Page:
Current best evidence for clinical care (more info)
BACKGROUND: Very little direct evidence exists on use of corticosteroids in patients with coronavirus disease 2019 (COVID-19). Indirect evidence from related conditions must therefore inform inferences regarding benefits and harms. To support a guideline for managing COVID-19, we conducted systematic reviews examining the impact of corticosteroids in COVID-19 and related severe acute respiratory illnesses.
METHODS: We searched standard international and Chinese biomedical literature databases and prepublication sources for randomized controlled trials (RCTs) and observational studies comparing corticosteroids versus no corticosteroids in patients with COVID-19, severe acute respiratory syndrome (SARS) or Middle East respiratory syndrome (MERS). For acute respiratory distress syndrome (ARDS), influenza and community-acquired pneumonia (CAP), we updated the most recent rigorous systematic review. We conducted random-effects meta-analyses to pool relative risks and then used baseline risk in patients with COVID-19 to generate absolute effects.
RESULTS: In ARDS, according to 1 small cohort study in patients with COVID-19 and 7 RCTs in non-COVID-19 populations (risk ratio [RR] 0.72, 95% confidence interval [CI] 0.55 to 0.93, mean difference 17.3% fewer; low-quality evidence), corticosteroids may reduce mortality. In patients with severe COVID-19 but without ARDS, direct evidence from 2 observational studies provided very low-quality evidence of an increase in mortality with corticosteroids (hazard ratio [HR] 2.30, 95% CI 1.00 to 5.29, mean difference 11.9% more), as did observational data from influenza studies. Observational data from SARS and MERS studies provided very low-quality evidence of a small or no reduction in mortality. Randomized controlled trials in CAP suggest that corticosteroids may reduce mortality (RR 0.70, 95% CI 0.50 to 0.98, 3.1% lower; very low-quality evidence), and may increase hyperglycemia.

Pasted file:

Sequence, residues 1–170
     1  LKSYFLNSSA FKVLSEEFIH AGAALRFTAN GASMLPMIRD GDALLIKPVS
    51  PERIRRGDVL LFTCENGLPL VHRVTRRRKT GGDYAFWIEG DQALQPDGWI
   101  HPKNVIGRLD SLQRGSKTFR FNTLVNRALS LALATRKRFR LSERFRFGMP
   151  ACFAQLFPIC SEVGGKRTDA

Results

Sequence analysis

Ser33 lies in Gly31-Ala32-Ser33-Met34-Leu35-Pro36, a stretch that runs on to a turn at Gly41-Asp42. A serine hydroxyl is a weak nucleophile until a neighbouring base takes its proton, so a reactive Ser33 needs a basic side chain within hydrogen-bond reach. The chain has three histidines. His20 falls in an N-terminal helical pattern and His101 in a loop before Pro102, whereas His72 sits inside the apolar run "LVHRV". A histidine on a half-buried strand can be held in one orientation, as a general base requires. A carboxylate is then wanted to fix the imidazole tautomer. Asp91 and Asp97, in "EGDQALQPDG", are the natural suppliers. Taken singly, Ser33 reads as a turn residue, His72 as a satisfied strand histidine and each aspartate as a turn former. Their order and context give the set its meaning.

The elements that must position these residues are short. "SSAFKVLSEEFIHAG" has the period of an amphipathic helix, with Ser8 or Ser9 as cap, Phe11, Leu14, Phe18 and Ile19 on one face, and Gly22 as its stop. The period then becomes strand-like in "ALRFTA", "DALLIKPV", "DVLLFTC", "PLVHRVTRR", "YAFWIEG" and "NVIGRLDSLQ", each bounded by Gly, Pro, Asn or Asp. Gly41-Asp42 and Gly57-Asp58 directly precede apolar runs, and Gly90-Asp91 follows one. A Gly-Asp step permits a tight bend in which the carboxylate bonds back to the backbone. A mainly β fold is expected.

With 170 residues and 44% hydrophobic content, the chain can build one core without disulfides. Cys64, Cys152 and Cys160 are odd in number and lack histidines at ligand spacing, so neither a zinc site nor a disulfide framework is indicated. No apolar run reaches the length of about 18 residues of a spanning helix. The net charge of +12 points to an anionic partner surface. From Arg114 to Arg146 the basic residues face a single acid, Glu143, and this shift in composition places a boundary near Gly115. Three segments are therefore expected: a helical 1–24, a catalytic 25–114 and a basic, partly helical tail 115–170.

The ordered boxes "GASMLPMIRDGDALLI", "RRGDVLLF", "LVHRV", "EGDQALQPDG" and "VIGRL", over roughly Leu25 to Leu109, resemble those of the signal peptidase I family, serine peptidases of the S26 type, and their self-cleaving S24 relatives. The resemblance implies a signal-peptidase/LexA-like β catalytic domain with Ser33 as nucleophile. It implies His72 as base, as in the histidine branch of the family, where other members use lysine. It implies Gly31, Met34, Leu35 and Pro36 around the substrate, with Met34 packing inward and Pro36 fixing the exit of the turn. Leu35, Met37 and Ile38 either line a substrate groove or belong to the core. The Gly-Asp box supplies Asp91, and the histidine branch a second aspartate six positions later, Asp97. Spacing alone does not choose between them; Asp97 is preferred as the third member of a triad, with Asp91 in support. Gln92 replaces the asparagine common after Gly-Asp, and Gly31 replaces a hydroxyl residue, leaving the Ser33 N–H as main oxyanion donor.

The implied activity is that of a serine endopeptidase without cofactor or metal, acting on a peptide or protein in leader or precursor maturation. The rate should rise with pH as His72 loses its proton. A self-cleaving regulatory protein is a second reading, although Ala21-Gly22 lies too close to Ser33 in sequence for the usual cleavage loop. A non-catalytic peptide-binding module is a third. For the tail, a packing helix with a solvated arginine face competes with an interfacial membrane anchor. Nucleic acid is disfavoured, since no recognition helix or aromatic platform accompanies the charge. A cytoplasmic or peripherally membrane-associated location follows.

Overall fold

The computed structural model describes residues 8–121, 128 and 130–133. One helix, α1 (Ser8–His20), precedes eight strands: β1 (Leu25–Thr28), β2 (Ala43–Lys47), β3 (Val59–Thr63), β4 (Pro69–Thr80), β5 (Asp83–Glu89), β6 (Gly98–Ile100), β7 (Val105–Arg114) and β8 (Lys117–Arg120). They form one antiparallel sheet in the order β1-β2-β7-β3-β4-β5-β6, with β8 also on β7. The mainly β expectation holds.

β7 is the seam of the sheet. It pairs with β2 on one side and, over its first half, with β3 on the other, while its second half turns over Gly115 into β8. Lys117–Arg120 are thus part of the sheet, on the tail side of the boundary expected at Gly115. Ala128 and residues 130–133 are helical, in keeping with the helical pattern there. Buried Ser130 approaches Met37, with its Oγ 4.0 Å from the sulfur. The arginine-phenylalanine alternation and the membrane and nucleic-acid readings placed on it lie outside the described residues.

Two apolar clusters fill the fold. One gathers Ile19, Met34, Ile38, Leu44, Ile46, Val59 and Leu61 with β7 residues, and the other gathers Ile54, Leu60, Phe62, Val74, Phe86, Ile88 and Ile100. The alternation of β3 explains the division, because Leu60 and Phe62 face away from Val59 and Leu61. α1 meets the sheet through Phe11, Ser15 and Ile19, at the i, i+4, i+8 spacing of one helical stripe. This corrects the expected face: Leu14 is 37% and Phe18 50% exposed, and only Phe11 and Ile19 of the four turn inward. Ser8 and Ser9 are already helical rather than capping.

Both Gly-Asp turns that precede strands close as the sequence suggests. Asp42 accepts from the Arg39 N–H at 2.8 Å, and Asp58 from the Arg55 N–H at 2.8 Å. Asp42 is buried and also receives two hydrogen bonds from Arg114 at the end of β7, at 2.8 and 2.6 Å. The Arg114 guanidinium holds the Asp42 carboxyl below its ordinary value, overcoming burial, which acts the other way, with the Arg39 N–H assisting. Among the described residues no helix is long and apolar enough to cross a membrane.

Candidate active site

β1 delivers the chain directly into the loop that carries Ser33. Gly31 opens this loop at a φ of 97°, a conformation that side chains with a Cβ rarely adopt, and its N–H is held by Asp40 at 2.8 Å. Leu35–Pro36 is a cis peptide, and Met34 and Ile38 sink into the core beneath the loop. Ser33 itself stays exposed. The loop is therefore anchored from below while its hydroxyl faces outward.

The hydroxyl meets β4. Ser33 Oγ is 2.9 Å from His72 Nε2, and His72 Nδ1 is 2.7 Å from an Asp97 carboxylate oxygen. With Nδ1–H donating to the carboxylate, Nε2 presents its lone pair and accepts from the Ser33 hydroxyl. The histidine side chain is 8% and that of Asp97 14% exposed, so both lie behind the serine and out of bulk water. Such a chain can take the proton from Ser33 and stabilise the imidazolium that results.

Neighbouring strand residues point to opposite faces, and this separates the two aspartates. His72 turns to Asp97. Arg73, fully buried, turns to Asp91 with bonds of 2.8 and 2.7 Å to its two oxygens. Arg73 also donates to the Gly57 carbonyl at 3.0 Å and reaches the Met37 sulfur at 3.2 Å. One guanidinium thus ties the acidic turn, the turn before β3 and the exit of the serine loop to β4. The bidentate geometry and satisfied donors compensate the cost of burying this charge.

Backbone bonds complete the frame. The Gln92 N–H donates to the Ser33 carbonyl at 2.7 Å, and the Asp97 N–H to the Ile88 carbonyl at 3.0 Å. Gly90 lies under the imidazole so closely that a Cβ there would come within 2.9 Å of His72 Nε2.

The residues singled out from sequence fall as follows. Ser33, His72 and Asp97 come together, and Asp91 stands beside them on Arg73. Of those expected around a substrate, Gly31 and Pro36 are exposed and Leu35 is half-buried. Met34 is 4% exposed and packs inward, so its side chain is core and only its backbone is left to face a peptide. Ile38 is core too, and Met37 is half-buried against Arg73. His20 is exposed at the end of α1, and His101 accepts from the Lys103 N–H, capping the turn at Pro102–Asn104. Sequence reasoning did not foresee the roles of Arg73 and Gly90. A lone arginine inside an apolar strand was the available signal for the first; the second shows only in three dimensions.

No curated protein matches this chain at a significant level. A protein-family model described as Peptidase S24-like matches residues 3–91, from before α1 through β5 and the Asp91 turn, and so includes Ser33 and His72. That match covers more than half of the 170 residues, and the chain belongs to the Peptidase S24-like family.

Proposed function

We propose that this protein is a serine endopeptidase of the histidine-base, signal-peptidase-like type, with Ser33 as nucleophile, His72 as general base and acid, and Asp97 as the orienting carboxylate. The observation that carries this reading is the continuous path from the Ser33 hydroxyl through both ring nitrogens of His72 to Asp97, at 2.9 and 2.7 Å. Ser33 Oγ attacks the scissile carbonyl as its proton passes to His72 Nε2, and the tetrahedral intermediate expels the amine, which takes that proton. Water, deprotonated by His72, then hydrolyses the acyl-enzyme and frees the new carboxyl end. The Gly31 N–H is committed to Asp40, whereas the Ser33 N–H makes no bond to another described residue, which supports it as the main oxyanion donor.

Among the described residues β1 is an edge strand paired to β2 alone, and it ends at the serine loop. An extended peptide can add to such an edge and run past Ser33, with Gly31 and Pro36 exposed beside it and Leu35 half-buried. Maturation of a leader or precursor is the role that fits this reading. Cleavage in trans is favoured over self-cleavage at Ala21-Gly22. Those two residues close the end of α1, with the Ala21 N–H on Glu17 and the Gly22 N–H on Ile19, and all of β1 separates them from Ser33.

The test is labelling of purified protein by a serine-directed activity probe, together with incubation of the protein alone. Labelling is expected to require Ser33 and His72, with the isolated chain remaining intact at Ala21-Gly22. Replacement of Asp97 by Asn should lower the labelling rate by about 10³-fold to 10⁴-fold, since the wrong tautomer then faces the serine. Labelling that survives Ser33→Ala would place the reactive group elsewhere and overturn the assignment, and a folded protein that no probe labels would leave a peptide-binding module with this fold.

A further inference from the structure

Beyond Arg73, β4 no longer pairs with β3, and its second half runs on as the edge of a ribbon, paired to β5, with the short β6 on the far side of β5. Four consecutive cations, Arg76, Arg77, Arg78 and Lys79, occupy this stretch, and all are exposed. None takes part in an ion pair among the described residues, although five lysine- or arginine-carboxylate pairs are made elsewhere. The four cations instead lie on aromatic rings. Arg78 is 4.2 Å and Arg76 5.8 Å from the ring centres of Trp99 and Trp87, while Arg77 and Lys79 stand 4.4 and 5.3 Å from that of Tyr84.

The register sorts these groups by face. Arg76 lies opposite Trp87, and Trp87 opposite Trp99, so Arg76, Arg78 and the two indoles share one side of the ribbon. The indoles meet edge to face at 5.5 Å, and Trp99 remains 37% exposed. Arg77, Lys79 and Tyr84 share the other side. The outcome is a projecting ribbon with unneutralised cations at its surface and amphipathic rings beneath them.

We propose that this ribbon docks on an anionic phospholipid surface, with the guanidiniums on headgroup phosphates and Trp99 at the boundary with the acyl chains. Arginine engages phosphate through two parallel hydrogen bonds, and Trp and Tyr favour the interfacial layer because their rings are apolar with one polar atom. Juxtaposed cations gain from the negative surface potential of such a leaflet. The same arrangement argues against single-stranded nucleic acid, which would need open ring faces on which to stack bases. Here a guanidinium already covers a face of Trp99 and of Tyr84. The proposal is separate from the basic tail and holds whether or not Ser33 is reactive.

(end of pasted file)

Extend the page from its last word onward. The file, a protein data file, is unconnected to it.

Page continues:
INTERPRETATION: Corticosteroids may reduce mortality for patients with COVID-19 and ARDS. For patients with severe COVID-19 but without ARDS, evidence regarding benefit from different bodies of evidence is inconsistent and of very low quality.
|Discipline / Specialty Area||Score|
|General Internal Medicine-Primary Care(US)||
|Family Medicine (FM)/General Practice (GP)||
|Pediatric Emergency Medicine||
|Pediatric Hospital Medicine||
This is not too significant in the emergency room setting vs. the ICU.
Although this systematic review is as up-to-date as possible, the conflicting results from RCT and cohort studies, the relative lack of evidence, and the use of indirect evidence from other conditions make it impossible to draw any conclusion. More study is urgently needed.
Good summary of the evidence.
Like the vast majority COVID-19 literature, this gives little solid information. When one says corticosteroids may reduce mortality for patients with COVID-19 and ARDS, the authors could just as easily said "may not" reduce mortality.
The evidence that corticosteroids may reduce mortality in patients with COVID-19 and ARDS is only indirect. It does not correlate and is contrary to direct evidence provided in figure 2.
As a general internist, I find this summary supports the prevailing view on COVID19. Corticosteroids have not been shown in RCTs to meaningfully impact clinical outcomes in SARS, MERS, or COVID-19. The rating of evidence was low for most outcomes, with the wide confidence intervals further contributing to ambiguity regarding any perceived efficacy.
There is very low quality evidence. The newsworthiness list does not include this important evaluation as a criterion.
This is important information. Steroids reduce mortality in COVID-19 when it is complicated with ARDS, but they could be deleterious in patients without severe respiratory distress.